Should the channel get excited about Adobe's new cloud computing project? Ian Osborne takes a look at the technology and what early adopters are using it for?

Adobe Air

It’s a neat idea. Adobe AIR is a cross-platform system runtime environment that allows you to create desktop online applications that also function without an internet connection. But why would you want to? What possible use is Adobe AIR, and specifically, what use is it to the channel? Let’s take a look.

AIR stands for ‘Adobe Integrated Runtime’. It’s already available as a free download on the PC and Mac, and is coming to Linux later this year. The application is designed to bridge the gap between online and offline computing by making it easier to launch and utilise online services, even when you’ve no access to the web. It offers a versatile runtime environment, being capable of running existing Flash, HTML and JavaScript code to offer website functionality in a desktop application that can run online or offline.

According to Adobe ‘platform evangelist’ Andrew Shorten: "We’ve enabled web designers and developers to take their current browser-based applications and bring them to the desktop, creating a new class of web-enabled desktop application. This is incredibly exciting, as it redefines who can build desktop applications and provides new opportunities for organisations to engage with customers."

But what can Adobe AIR do for businesses? After all, there’s no point releasing a groundbreaking technology no one wants. The implications for distribution are clear. Using AIR, a distributor could create an offline version of its online ordering system, which can be updated when the user is online, but still navigated and utilised when not connected to the internet. A travelling retailer could (for example) update the application’s database in an airport, pick through the catalogue making orders while in flight, and on reaching his destination go online again to place the order at the touch of a button. There’s no longer any need to demand your customer is online throughout the browsing and ordering process.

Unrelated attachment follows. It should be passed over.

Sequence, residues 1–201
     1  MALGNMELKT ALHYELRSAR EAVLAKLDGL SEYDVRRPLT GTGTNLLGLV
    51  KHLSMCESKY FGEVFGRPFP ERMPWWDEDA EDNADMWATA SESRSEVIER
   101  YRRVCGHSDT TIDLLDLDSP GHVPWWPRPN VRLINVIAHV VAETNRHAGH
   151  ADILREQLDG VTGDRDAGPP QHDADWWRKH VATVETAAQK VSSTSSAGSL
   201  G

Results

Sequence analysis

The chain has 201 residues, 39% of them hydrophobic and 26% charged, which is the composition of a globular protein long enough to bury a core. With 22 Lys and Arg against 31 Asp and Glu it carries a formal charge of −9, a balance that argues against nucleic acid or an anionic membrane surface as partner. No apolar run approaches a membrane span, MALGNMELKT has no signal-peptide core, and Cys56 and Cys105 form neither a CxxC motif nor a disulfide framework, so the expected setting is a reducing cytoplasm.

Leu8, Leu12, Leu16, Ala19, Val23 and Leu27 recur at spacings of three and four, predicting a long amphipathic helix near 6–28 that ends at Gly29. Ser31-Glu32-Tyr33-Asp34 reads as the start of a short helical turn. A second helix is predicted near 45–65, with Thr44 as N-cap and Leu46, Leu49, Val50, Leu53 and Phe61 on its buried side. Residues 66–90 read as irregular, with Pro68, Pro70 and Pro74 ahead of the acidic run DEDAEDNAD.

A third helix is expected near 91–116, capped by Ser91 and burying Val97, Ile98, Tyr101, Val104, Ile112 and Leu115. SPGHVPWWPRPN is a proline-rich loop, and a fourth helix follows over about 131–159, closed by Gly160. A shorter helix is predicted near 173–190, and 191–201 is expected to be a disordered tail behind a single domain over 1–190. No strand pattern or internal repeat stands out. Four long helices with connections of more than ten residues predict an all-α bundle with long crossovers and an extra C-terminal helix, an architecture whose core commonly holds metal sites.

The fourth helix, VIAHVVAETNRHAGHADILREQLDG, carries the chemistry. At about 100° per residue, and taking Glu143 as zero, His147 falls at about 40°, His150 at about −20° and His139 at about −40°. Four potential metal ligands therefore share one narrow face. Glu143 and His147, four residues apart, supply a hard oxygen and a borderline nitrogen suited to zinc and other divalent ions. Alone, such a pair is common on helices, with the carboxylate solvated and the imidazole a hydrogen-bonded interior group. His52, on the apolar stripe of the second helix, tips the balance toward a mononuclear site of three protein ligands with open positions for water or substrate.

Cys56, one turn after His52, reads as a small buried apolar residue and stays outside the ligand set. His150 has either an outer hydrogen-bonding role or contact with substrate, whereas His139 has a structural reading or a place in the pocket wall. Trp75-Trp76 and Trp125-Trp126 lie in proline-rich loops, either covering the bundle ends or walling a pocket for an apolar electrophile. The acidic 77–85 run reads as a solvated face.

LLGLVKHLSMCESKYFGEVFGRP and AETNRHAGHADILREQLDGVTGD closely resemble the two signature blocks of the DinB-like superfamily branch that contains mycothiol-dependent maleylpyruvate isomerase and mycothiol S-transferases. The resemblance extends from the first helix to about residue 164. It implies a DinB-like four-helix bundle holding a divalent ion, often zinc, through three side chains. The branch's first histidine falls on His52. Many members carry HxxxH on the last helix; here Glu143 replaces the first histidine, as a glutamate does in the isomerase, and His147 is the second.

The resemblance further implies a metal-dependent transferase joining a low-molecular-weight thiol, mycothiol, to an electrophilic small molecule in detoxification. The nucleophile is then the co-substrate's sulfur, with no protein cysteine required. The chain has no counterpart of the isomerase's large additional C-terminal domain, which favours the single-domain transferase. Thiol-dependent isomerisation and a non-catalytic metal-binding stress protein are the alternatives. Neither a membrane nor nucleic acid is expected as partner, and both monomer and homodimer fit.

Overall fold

Indeed, eBay has already launched something along these lines. Downloadable from, eBay Desktop is a free application which you can use to search, browse, bid and keep track of your auctions. Perhaps best of all, you can organise and set up your own auctions offline, with your work uploaded to the web next time you connect.

Naturally, this is just the beginning. As developers get used to using Adobe AIR, the product will be put to ever-more inventive and imaginative uses. What the future will bring is anybody’s guess, but the present is looking very interesting indeed. Maybe it’s a good idea to get in there first and check out the potential of Adobe AIR before your competitors beat you to it.

AIR In Action

The New York Times

Originally a web-based offering, The New York Times’ desktop-to-mobile tool ShifD is now AIR-powered. You no longer need to be online to use it – just run the ShifD desktop app and you can transfer (though not update) your news packages to your mobile device, even if you can’t access the net at the time.